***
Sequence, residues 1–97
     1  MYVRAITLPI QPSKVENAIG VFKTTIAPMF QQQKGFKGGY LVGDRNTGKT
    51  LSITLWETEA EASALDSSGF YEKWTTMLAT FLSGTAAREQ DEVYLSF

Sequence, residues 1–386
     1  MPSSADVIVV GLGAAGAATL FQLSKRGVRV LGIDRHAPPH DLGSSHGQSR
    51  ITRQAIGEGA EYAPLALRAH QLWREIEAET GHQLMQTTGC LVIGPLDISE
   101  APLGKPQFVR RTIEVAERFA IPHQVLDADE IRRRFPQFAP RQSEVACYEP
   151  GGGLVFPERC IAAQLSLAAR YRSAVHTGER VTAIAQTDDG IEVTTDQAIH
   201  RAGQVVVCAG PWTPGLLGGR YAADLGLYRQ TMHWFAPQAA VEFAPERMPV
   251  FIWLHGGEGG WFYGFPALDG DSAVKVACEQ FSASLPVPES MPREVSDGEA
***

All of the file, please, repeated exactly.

Sequence, residues 1–97
     1  MYVRAITLPI QPSKVENAIG VFKTTIAPMF QQQKGFKGGY LVGDRNTGKT
    51  LSITLWETEA EASALDSSGF YEKWTTMLAT FLSGTAAREQ DEVYLSF

Sequence, residues 1–386
     1  MPSSADVIVV GLGAAGAATL FQLSKRGVRV LGIDRHAPPH DLGSSHGQSR
    51  ITRQAIGEGA EYAPLALRAH QLWREIEAET GHQLMQTTGC LVIGPLDISE
   101  APLGKPQFVR RTIEVAERFA IPHQVLDADE IRRRFPQFAP RQSEVACYEP
   151  GGGLVFPERC IAAQLSLAAR YRSAVHTGER VTAIAQTDDG IEVTTDQAIH
   201  RAGQVVVCAG PWTPGLLGGR YAADLGLYRQ TMHWFAPQAA VEFAPERMPV
   251  FIWLHGGEGG WFYGFPALDG DSAVKVACEQ FSASLPVPES MPREVSDGEA